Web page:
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What’s in a Name? If it’s ‘Grubman,’ A Whole Identity


By D.J. Levien

Plume, 240 pages, $13.

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Elliott Grubman, the protagonist in screenwriter D.J. Levien’s new novel, is a man split down the middle, and it’s all there in his oxymoronic name. Look at that prissy “Elliott,” a name — like Howard — that brands many post-Holocaust American Jewish men with their parents’ hope that its WASPy gentility would make them seem truly American. But of course it’s paired with that clunky Jewish family name — which in this case couldn’t be more accurate, because Grubman literally had to grub and hustle for a living as a young man.

Even more appropriately, “grub” in Yiddish means coarse, crude, harsh, crass — all of which fit despite his fortune of $100 million. Grubman is the publisher of a vulgar Hustler-like magazine bizarrely called “Swagbelly,” but his fortune is really based on the phone sex lines advertised in its back pages. Crotch-deep in porn, he surrounds himself with luxury and, like any nouveau riche, he can’t help reveling in his good fortune and letting us know about it. He drives a vintage Bugatti (which he proudly notes stands out among other luxury cars), he wears a Sulka robe, sports a black ostrich Asprey attaché case, obsesses about the thread count of his sheets, smokes Montecristos, reminds you that he’s wearing Ferragamo shoes and glories in owning almost 200 Italian-made suits whose price tags start at $7,500 apiece. The opening pages show him in all his parvenu glory, not least because he thinks that only when you reach this sartorial empyrean does a tailor ask which way you dress and adjust the tailoring accordingly. But Grubman remains profoundly unhappy, suffering from a deep-rooted insecurity that $100 million couldn’t ease. Would a billion do it? He thinks it might, but we know it wouldn’t.

Levien’s wonderfully grim Hollywood satire “Wormwood” immersed readers in a world of incessant hunger for advancement and reveled in the often slimy minutiae of agenting, developing and producing. And in Grubman, Levien offers readers a character living in another tortured world of unrealized and unrealizable desires. A relentless womanizer who’s increasingly impotent as he heads into his 50s, Grubman is so desperate for acceptance that he can’t just try to learn polo, he has to field his own team. He leaves grotesquely large tips at his favorite Italian restaurant and then pressures the manager to let him buy a share of the restaurant so as to keep the former Mrs. Grubman from dining there with her young lover. Perhaps the ultimate futile gesture is his giving over a million dollars to his son’s private school in Connecticut to build a Grubman Athletic Building.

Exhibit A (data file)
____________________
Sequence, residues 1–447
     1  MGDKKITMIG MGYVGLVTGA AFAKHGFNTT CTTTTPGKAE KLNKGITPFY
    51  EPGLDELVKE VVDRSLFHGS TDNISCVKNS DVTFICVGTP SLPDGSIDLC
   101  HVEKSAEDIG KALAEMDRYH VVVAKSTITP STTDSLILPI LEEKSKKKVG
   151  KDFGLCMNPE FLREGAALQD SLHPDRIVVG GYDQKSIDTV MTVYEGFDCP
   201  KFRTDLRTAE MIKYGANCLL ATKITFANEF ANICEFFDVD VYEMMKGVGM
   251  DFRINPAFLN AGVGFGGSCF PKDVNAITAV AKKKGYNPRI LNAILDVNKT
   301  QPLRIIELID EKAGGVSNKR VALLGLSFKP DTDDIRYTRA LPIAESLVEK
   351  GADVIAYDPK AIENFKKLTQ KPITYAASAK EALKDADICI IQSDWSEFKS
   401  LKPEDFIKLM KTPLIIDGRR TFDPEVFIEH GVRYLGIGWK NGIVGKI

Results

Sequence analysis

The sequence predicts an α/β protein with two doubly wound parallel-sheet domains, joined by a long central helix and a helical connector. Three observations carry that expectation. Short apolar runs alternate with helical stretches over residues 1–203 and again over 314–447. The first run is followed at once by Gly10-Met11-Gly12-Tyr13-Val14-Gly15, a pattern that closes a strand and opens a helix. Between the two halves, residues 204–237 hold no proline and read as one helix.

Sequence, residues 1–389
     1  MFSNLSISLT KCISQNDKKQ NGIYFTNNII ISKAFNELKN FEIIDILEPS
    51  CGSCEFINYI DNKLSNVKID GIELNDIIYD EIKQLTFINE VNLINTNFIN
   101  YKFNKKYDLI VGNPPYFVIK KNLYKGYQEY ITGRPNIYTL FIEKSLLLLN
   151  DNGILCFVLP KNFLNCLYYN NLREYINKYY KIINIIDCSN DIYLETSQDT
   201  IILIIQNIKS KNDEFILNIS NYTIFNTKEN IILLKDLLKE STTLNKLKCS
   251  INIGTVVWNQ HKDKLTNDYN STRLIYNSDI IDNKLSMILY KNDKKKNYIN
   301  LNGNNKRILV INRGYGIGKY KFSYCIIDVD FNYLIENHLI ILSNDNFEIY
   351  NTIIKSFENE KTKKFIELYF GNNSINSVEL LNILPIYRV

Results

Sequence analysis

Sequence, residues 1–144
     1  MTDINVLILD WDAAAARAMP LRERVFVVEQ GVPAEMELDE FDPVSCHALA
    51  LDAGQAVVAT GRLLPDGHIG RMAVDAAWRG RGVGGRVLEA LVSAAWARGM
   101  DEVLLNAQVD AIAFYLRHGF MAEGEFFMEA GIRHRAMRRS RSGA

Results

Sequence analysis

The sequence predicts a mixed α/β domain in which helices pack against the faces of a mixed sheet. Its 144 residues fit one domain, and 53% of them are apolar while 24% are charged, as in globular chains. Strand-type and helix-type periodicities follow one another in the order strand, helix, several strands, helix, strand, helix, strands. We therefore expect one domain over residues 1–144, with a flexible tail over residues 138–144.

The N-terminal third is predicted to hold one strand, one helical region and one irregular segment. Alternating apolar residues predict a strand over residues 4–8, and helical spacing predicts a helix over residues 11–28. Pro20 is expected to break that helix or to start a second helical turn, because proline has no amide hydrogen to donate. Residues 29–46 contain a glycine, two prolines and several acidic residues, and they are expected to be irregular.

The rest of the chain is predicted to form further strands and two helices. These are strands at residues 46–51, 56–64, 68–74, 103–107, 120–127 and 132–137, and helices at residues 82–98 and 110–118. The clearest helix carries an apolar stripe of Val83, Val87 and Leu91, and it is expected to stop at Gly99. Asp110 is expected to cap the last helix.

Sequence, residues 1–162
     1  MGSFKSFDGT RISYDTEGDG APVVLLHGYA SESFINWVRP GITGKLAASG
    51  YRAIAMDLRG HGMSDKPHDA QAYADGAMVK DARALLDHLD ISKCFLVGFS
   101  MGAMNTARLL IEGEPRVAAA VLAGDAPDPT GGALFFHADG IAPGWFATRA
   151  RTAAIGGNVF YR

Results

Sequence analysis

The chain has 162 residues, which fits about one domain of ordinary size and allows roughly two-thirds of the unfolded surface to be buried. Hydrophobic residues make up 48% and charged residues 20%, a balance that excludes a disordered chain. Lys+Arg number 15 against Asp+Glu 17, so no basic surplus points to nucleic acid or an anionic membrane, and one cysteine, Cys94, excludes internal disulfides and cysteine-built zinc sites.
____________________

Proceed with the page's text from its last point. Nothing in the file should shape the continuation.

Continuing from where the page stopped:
All of this is sadly entertaining, a dilemma reminiscent of Simon Rosedale’s in “The House of Mirth.” But Edith Wharton’s novel appeared almost a century ago. For all its contemporary trappings, the book feels quaint: A wealthy Jewish porn king can’t find a place in today’s New York? He’d be a celebrity, not a pariah. In addition, we learn that Grubman is identified as a Jew because of taunting from schoolmates and coming under fire from a fiercely antisemitic coach. To him, Judaism means “the suffering, the bond in the ostracism,” and he’s perpetually aware of the places he can’t go or wouldn’t be accepted. But who was his family and how did he get this way? Levien drops one possible clue to a therapist when Grubman discusses his mother: “Survived the Holocaust, you know.” Potentially interesting, but Levien would have had to put more effort into exploring this aspect of his protagonist’s life to make it meaningful.

Despite the book’s flaws, however, Grubman’s a sympathetic and intriguing character: Rodney Dangerfield as porn king. Like the lavish hotel suite room that seems very different after he has another bout of impotence, he feels “seedy despite being deluxe,” making him another Jewish casualty of what William James famously described as America’s national disease: “worship of the bitch-goddess success.”

Lev Raphael is the author of “The German Money” (Leapfrog, 2003).


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